Research Picks Extra – January 2017

Amping innovation up to “11”

There are pros and cons to innovation that emerges from the activities of hobbyists according to researchers in Finland who have taken the CreamSound guitar amplifier as a case study. They point out that the product users and the innovators being one and the same are inevitably highly passionate about the work. Conversely, except in rare cases, resources at the disposal of the innovators are limited. The findings add to the small but growing knowledge surrounding customer- and user-centred innovation an increasingly important topic in product development and subsequent marketing of novel products and new designs of old products. The advent of social networking could hobbyist innovators could gain skills and become more effective through greater communication and connectivity.

Salmela, E., Häkkinen, K. and Rantala, J. (2017) ‘Hobbyists as a super group of user-centred innovation – case CreamSound guitar amplifier’, Int. J. Innovation and Learning, Vol. 21, No. 2, pp.223–245.

 

More power to your elbow

Biomechanics is yet to reach its full potential consistent with improving healthcare delivery, according to researchers in India. The team’s analysis of a persistent and ubiquitous joint problem – elbow pain, often referred to as tennis elbow, or golfer’s elbow depending on the specific location of the problem, has allowed them to show how biomechanics coupled with software might be more efficaciously employed in understanding such a problem. Fundamentally, they have determined the nature of the forces involved in elbow flexion and the angle through which the elbow functions most effectively. While, the specific case offers a good example of an analysis with a biomechanics approach, it also serves as a model for how biomechanics might mature.

Pujari, S., Venkatesh, T. and Kumar, M.D.S. (2016) ‘Analysis of Muscle moment and reaction force of elbow joint during flexion moment’, Int. J. Biomedical Engineering and Technology, Vol. 22, No. 4, pp.370–376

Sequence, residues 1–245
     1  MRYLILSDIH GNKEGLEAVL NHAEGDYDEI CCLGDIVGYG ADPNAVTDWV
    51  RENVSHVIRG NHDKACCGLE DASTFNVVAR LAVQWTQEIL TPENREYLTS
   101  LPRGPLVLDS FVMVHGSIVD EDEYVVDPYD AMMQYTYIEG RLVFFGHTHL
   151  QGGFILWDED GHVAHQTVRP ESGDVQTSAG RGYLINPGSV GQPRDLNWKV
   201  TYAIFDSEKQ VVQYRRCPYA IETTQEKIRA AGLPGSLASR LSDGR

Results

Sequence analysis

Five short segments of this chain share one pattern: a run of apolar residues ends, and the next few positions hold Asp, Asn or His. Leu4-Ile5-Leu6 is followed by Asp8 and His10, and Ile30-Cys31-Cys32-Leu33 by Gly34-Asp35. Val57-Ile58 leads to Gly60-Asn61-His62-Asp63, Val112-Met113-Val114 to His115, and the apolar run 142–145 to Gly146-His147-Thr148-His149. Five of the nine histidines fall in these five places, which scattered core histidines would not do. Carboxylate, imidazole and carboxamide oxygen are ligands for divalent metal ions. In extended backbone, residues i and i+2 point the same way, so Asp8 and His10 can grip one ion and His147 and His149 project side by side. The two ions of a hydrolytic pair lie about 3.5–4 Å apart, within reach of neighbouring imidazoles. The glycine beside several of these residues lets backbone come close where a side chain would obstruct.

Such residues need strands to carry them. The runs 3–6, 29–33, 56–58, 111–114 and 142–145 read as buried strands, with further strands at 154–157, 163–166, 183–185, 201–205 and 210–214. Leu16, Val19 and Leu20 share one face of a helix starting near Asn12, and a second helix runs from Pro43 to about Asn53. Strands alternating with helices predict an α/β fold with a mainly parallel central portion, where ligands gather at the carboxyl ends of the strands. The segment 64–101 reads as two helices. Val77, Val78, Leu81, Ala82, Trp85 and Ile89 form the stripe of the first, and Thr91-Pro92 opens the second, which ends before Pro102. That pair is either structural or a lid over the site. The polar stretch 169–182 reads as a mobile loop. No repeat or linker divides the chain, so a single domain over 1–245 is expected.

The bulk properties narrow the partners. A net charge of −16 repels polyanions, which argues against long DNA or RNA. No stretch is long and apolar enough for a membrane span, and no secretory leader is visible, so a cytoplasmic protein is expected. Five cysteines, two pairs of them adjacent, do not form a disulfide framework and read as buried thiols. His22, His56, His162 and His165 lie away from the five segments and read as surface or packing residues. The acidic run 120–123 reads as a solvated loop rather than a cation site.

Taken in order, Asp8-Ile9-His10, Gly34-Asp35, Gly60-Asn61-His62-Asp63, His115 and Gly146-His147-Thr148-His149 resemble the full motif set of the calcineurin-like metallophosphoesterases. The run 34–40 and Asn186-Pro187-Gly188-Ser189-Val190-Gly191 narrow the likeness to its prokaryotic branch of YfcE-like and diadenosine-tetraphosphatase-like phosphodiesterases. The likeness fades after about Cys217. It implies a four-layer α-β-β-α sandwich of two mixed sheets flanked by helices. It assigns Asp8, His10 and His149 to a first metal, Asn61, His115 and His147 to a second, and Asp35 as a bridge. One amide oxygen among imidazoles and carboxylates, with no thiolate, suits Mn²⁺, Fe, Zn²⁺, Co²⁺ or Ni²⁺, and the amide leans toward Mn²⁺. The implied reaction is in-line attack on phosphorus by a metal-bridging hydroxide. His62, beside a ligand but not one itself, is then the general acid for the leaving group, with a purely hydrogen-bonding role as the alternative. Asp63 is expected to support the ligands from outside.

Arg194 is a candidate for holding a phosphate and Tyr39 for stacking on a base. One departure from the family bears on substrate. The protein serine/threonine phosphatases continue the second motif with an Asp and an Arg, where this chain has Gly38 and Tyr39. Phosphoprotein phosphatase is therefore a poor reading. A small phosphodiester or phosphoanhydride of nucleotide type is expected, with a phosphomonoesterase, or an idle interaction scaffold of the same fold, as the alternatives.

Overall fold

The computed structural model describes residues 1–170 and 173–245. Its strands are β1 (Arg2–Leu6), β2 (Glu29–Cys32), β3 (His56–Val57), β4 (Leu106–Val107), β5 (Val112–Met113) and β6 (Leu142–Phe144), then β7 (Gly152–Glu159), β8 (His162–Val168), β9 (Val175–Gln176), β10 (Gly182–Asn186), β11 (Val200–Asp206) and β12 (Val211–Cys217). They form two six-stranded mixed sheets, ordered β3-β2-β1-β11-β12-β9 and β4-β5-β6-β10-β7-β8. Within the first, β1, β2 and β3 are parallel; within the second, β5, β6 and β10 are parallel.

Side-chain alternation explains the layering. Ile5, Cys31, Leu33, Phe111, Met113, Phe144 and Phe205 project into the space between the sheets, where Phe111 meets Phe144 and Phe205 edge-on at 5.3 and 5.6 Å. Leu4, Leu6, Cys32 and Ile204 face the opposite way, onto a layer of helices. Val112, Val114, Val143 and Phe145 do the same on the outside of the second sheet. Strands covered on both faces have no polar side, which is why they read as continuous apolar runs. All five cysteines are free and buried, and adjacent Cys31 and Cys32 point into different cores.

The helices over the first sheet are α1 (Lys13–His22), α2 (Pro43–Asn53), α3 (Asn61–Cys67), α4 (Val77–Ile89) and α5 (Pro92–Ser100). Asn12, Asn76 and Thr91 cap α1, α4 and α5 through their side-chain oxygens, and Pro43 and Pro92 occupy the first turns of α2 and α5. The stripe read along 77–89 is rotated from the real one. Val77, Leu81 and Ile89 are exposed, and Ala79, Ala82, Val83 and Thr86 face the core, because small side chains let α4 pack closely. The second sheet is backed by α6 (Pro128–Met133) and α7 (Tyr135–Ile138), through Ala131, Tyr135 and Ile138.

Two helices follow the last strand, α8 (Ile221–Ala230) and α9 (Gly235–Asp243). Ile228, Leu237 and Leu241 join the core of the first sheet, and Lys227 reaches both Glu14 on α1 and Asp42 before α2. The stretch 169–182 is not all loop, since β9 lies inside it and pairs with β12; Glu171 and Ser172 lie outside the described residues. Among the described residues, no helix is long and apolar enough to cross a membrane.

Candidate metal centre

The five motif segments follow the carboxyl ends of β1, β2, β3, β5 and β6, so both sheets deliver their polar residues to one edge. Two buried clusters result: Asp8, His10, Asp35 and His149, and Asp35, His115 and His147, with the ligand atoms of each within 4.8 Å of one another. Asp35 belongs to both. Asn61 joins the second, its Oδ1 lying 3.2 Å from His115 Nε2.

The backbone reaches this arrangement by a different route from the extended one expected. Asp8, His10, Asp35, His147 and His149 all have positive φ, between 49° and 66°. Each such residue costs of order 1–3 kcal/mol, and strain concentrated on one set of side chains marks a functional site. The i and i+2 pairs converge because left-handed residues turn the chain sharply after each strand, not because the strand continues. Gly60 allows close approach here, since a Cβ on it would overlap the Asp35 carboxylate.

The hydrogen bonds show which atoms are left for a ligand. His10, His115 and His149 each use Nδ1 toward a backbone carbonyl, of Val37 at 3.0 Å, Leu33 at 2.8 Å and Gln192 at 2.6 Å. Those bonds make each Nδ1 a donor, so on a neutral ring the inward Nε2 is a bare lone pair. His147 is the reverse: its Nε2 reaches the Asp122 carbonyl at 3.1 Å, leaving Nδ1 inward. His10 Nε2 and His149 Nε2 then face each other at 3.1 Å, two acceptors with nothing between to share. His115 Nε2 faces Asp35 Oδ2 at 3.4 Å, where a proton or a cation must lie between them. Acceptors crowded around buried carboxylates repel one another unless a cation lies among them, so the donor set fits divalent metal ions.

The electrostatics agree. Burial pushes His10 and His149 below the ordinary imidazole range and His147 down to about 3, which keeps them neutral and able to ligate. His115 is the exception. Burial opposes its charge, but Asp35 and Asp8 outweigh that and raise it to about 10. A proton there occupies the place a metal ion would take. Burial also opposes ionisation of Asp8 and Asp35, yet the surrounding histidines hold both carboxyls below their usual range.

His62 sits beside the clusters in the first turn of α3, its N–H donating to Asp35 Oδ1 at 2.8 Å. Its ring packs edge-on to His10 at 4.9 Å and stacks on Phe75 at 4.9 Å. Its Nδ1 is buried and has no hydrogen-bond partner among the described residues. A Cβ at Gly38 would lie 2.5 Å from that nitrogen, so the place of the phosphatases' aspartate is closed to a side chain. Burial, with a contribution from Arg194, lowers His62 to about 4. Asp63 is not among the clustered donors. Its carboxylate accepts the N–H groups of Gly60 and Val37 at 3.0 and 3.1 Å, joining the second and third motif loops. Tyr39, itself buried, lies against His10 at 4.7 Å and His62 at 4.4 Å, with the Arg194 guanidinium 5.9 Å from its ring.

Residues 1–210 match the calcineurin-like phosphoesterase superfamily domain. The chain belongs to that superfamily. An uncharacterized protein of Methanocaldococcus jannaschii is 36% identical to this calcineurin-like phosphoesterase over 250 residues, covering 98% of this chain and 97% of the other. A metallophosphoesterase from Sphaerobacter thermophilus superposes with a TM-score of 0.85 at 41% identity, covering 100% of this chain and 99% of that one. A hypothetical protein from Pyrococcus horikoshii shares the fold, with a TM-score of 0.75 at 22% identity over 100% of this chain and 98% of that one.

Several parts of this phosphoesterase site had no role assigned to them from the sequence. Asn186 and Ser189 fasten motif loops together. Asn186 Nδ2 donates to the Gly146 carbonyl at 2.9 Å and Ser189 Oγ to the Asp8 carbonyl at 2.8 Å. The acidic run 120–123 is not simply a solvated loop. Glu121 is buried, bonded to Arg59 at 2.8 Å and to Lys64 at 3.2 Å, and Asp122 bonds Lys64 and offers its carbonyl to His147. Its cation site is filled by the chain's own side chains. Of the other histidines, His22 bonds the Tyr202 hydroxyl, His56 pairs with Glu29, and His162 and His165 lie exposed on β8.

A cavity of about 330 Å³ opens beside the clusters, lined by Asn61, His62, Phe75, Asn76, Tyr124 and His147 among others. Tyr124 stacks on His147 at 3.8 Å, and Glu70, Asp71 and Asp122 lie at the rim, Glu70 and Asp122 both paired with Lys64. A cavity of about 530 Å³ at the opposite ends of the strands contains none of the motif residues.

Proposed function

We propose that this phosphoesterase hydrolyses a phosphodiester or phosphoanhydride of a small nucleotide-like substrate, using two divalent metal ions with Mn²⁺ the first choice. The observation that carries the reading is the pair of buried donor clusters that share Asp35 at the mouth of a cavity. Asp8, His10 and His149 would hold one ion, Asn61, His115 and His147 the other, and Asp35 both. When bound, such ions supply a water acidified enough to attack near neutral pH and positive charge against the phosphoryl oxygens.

The tourist age

The competitiveness of any given tourist attraction depends on happy visitors who enjoy the visit and feel they got value for money and would consider a return revisit or at the least recommend the attraction to other people. The age of visitors to an attraction is critical to profiling the tourist demographic especially given that certain types of attraction may be broadly of more interest to certain age groups than others. Moreover, the image of a given destination may give potential visitors in different age groups preconceptions about that attraction and either encourage or discourage them from visiting. A US study offers new insights into how age affects satisfaction and points to new approaches to tourist marketing and business practices that could bolster the industry.

Li, J., Ali, F. and Kim, W.G. (2017) ‘Age matters: how demographics influence visitor perception and attitude at the destination level’, Int. J. Innovation and Learning, Vol. 21, No. 2, pp.149–164.

 

Optimising sperm

Complex problems often require complex answers. However, mimicking natural processes such as the way in which a bee colony seeks out flowers rich in nectar, bats hunt flying insects, or ants control the colony can be a way to find simpler solutions to such problems. Indeed, a whole field has grown out of biomimetic optimisation. Now, a team from Egypt and Yemen has turned to the natural process of how sperm follow a chemical attractant given off by the egg to achieve internal fertilisation as a novel way to optimise certain problems. The team has coded a computer algorithm that mimics the behaviour of many sperm of different “motility” flowing towards the ovum in the reproductive tract guided by a chemoattractant. The algorithm can then solve a global optimisation problem without resorting to much more long-winded trial-and-error approaches commonly used for such engineering problems as design of gear trains or liquid transport containers.

Raouf, O.A. and Hezam, I.M. (2017) ‘Sperm motility algorithm: a novel metaheuristic approach for global optimisation’, Int. J. Operational Research, Vol. 28, No. 2, pp.143–163.

Author: David Bradley

Award-winning, freelance science writer based in Cambridge, England.